Figure 3 shows that the median cumulative excess return of US financial stocks, which were subjected to a covered ban, exceeded that of exempt stocks throughout the 14 trading days after the ban inception (date 0 in the figure), a finding that agrees with that reported by Boehmer et al. (2009). But, Figure 4 shows that this is not the case for the other countries in our sample: the line corresponding to the median excess return on stocks subject to naked and covered bans is very close to that for exempt stocks, and it lies above it only in about half of the first 60 days of trading after the inception of the ban. Since the confounding factor of simultaneous policy measures in support of financial institutions is not present in all the other countries that imposed a short-selling ban on financials, Figure 4 is likely to convey a more accurate picture of the effects of short-selling bans on stock returns than Figure 3.

Figure 3. Cumulative abnormal returns over 14 trading days after ban date in the US

Figure 4. Cumulative abnormal returns over 60 trading days after ban date in countries with ban on financials only (except the US)

This conclusion is confirmed and actually reinforced by the econometric analysis. When we use our entire data set, bans on covered short sales turn out to be correlated with significantly lower excess returns relative to stocks unaffected by the ban, while bans on naked sales and disclosure obligation do not have a significant correlation with excess returns. When one looks at countries with short-selling bans on financials only, bans turn out to be correlated with positive excess returns only for the US, not for other countries. But, as noted above, the positive correlation for the US may be spurious.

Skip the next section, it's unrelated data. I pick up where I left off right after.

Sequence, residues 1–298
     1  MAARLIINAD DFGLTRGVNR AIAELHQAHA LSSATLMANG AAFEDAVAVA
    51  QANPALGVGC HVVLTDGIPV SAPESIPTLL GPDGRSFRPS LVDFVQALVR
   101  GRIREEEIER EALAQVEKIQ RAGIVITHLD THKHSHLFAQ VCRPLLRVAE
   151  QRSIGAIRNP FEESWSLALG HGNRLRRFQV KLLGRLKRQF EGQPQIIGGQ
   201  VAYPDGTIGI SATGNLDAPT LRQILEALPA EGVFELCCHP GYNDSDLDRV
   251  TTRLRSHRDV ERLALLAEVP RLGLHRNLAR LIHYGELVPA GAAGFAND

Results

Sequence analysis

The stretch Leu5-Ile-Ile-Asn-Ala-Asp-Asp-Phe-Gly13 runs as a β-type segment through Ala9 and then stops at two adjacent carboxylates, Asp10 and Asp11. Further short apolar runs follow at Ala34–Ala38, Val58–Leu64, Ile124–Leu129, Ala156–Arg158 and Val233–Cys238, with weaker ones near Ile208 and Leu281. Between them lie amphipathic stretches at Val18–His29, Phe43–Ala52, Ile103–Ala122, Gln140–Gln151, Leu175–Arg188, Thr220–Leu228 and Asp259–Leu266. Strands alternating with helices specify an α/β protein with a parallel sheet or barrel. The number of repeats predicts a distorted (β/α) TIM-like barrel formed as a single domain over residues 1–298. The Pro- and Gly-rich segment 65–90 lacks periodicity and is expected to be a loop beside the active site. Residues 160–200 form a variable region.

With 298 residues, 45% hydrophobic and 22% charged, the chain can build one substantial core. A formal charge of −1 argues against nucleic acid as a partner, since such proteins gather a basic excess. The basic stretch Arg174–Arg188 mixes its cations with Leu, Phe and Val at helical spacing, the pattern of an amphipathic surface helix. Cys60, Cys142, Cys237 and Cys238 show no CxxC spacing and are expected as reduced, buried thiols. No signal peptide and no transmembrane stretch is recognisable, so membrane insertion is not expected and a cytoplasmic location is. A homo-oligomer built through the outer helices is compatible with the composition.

In contrast to the regulators’ hopes, therefore, the overall evidence indicates that short-selling bans have at best left stock prices unaffected, and at worst may have contributed to their decline.

Moreover, we find that short-selling bans imposed during the crisis had unintended but important negative consequences on liquidity and price discovery. Our results indicate that the bans are associated with a statistically and economically significant increase in bid-ask spreads throughout the world. In contrast, the obligation to disclose short sales is associated with a significant decrease in bid-ask spreads. We also find that the negative effects of short-selling bans on liquidity are more pronounced for small-cap and more volatile stocks. As a result, in countries where such stocks are overrepresented, the bans are associated with larger increases in bid-ask spreads. This is illustrated in Figure 5, which shows the magnitude of the bans’ effects in different countries, separately for the naked and the covered bans. Italy emerges as the country where the ban on short sales was associated with the most dramatic deterioration of market liquidity, followed by Denmark, Australia and Norway. The US, UK and Ireland are in an intermediate group, while in the remaining countries short-selling bans have been associated with comparatively mild increases in bid-ask spreads.